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UFT.org Home > News > New York Teacher > Teacher to teacher > Structured teaching can benefit all students
by Nina Krisel Berke | November 1, 2018 New York Teacher issue
In my first four years as a special education teacher, I taught students with autism in a 6:1:1 classroom using an intervention known as structured teaching. But later on, I began to wonder: Is it only students with special needs who thrive in a structured, predictable and consistent environment?
Of course not! The goal of structured teaching is to support students to grow as individuals and gain independence. Structured teaching promotes confidence and success — something we want for all students regardless of their individual learning needs.
Structured teaching for students with autism uses a very specific framework. In a classroom that uses structured teaching, areas are clearly defined and labeled. There is minimal clutter, and students have specific seating arrangements.
Teachers provide individualized schedules tailored to a student’s developmental level that follow the flow of the class schedule but also incorporate students’ independent task time and their related services (such as speech, occupational and physical therapy).
Students independently complete tasks that reinforce the skills they learn in the classroom and help them progress toward the goals of their Individualized Education Program (IEP).
Last, and probably most important, this schedule is organized visually so students can see a clear breakdown of each task they need to complete and follow their tasks in order.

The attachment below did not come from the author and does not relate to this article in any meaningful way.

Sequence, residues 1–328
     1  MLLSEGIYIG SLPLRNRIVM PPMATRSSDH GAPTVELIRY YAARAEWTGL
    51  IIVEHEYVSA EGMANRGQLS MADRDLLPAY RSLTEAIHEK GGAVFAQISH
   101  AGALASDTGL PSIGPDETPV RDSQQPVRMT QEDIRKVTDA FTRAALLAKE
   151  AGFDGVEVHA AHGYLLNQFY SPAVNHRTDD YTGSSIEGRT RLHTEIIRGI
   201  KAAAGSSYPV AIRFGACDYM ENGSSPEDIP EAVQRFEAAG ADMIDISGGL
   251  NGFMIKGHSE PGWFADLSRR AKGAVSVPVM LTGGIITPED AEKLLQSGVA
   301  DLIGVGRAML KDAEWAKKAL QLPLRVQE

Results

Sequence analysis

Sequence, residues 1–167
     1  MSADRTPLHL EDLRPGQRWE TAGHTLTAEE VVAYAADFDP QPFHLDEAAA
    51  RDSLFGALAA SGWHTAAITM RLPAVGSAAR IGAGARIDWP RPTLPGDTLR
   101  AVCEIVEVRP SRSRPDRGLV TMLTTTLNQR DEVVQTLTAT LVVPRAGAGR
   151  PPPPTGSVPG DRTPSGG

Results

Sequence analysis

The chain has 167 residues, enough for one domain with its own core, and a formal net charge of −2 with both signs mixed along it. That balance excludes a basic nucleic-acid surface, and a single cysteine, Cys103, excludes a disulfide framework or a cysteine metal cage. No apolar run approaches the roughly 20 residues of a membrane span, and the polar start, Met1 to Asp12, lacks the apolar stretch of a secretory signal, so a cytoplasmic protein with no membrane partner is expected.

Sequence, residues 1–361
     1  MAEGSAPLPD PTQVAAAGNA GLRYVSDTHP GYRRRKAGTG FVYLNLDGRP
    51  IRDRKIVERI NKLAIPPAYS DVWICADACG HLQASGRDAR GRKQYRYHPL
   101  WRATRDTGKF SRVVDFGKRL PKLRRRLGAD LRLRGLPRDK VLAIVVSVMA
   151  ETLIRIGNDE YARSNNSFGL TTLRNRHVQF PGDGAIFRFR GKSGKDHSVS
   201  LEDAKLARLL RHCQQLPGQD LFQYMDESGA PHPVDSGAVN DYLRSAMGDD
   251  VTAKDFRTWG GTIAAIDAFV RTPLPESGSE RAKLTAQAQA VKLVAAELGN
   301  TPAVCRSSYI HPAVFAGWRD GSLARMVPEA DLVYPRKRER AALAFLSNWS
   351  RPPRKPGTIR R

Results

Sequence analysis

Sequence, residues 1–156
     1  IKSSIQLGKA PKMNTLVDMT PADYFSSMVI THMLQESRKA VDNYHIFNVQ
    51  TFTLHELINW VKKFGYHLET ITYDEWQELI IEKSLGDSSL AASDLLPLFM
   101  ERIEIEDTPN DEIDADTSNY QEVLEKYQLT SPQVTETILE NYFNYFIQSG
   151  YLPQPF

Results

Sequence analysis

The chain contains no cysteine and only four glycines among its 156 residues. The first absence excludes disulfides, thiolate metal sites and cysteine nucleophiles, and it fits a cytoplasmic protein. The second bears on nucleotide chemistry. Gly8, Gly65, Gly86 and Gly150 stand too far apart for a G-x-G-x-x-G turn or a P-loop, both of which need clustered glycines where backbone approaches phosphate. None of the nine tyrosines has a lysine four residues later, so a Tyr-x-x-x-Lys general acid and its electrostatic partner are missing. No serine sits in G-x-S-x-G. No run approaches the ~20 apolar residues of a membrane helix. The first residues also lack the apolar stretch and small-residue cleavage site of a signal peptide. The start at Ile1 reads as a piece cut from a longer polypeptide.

I think there are three particular elements of structured teaching from which all students — not just those with special needs — can benefit.
The first element is an individualized schedule. Just because students are not in a self-contained classroom does not mean they do not have individual needs to address. Students should be encouraged to be accountable for their daily schedule and routine. This also promotes lifelong skills of time management and accountability.
Teachers can provide their students with an overall classroom flow of the day but also allow students to create their own schedules in which they input activities or appointments and sessions specific to them. Students can also be accountable for where they are supposed to be doing work or who they are supposed to be working with during a given content area.
The second beneficial element of structured teaching is individualized student work. In structured teaching, students may rotate to work at stations, which are usually set up at individual desks in separate locations of the room. In a general education setting, this is a great opportunity to provide students with individualized work that is connected to what they are learning but can be completed independently. This allows classroom staff to work with other students in small groups or one-on-one conferences.
The final element of structured teaching is the structure and layout of the classroom. For many people, it is extremely hard to focus and work in areas that are cluttered and disorganized. The rule of thumb in structured teaching is that everything within a classroom has a purpose. The furniture is laid out in such a way that it allows for fluid movement around the classroom. Areas within the classroom should be clearly labeled both on the outside and on the inside. For example, the classroom library is labeled as a library, but within the library various book genres and levels are also labeled appropriately. Work materials that students need should ideally be organized in bins that are clearly labeled.
If the classroom environment is organized and clearly labeled, it allows students to be able to focus on their work, move appropriately and minimize the amount of questions. Organized classrooms also promote student independence.
As teachers, at the end of the day we all want to promote independence and foster life skills that will stay with students outside the classroom. Structured teaching is a practice that can do just that.
Nina Krisel Berke teaches performing arts to students with autism at P 94 in Manhattan.
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Dead Poets Society
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